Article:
// Add the Scene to the Stage
		stage.setScene(scene);
		// Set the Title of the Stage
		stage.setTitle("A JavaFX Rate Animation Example");
		// Display the Stage
		stage.show();
		
		// Get the Width of the Scene and the Text
		double sceneWidth = scene.getWidth();
		double textWidth = text.getLayoutBounds().getWidth();

		// Define the Durations
		Duration startDuration = Duration.ZERO;
		Duration endDuration = Duration.seconds(10);
		
		// Create the start and end Key Frames
		KeyValue startKeyValue = new KeyValue(text.translateXProperty(), sceneWidth);
		KeyFrame startKeyFrame = new KeyFrame(startDuration, startKeyValue);
		KeyValue endKeyValue = new KeyValue(text.translateXProperty(), -1.0 * textWidth);
		KeyFrame endKeyFrame = new KeyFrame(endDuration, endKeyValue);
		
		// Create a Timeline
		Timeline timeline = new Timeline(startKeyFrame, endKeyFrame);		
		// Let the animation run forever
		timeline.setCycleCount(Timeline.INDEFINITE);
		// Play the animation at double the normal rate
		timeline.setRate(2.0);
		// Run the animation
		timeline.play();				
	}
}

The rate property of the Animation class specifies the direction and the speed for the animation. The sign of its value indicates the direction. The magnitude of the value indicates the speed. A positive value indicates the play in the forward direction. A negative value indicates the play in the backward direction. A value of 1.0 is considered the normal rate of play, a value of 2.0 double the normal rate, 0.50 half the normal rate, and so on. A rate of 0.0 stops the play.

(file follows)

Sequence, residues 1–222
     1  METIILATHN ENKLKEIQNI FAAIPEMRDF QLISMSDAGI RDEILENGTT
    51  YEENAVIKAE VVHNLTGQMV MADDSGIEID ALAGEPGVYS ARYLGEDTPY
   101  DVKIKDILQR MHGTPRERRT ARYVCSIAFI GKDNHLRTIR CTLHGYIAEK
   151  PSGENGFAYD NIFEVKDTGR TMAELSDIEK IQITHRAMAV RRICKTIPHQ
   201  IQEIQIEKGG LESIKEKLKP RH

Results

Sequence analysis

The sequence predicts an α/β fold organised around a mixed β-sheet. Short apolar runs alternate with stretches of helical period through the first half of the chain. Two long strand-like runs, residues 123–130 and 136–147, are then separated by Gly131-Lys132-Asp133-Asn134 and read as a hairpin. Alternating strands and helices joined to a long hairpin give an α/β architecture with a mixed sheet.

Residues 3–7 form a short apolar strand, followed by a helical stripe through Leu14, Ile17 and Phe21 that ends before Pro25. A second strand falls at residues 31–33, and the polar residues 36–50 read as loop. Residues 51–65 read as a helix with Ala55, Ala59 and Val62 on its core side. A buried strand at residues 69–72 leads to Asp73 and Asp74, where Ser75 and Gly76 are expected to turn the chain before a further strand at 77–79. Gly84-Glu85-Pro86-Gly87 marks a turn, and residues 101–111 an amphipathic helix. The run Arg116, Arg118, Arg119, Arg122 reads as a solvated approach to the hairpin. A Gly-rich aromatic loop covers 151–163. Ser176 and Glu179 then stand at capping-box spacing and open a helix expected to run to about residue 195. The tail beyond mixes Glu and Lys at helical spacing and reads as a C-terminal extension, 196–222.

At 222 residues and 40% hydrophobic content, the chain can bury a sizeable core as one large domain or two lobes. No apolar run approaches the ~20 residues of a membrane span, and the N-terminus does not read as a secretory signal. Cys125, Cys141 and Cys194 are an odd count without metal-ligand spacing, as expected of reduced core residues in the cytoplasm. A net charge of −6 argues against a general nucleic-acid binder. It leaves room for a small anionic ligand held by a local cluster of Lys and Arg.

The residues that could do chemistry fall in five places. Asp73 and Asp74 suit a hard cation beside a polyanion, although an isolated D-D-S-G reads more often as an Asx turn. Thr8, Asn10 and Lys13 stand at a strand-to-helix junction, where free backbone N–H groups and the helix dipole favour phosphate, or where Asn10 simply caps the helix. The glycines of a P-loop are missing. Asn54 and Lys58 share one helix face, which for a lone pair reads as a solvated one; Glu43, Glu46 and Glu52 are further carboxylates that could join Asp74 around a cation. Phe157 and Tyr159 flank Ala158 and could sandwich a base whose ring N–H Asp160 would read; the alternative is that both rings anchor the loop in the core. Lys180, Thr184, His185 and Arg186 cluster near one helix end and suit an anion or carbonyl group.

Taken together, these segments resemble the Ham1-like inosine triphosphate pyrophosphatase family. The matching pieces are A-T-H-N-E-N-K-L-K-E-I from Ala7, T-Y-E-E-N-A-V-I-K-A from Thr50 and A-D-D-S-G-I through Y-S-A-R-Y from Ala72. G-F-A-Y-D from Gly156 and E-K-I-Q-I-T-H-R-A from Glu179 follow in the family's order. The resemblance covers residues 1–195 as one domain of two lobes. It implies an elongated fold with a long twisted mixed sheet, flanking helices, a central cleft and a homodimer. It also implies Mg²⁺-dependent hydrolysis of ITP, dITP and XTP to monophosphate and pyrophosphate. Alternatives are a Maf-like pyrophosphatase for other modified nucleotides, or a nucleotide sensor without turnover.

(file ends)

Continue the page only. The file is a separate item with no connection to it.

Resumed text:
It is possible to invert the rate of a running animation. In that case, the animation is played in the reverse direction from the current position for the duration that has already elapsed. Note that you cannot start an animation using a negative rate. An animation with a negative rate will not start. You can change the rate to be negative only when the animation has played for a while.

// Create a Timeline
Timeline timeline = new Timeline(startKeyFrame, endKeyFrame);		
// Let the animation run forever
timeline.setCycleCount(Timeline.INDEFINITE);
// Play the animation at double the normal rate
timeline.setRate(2.0);
// Run the animation
timeline.play();				

3.5.2 The GUI

A JavaFX Animation Example with a Rate

A JavaFX Animation Example with a Rate

4. Understanding Cue Points

4.1 The Code

FxAnimationExample7.java

import javafx.animation.KeyFrame;
import javafx.animation.KeyValue;
import javafx.animation.Timeline;
import javafx.application.Application;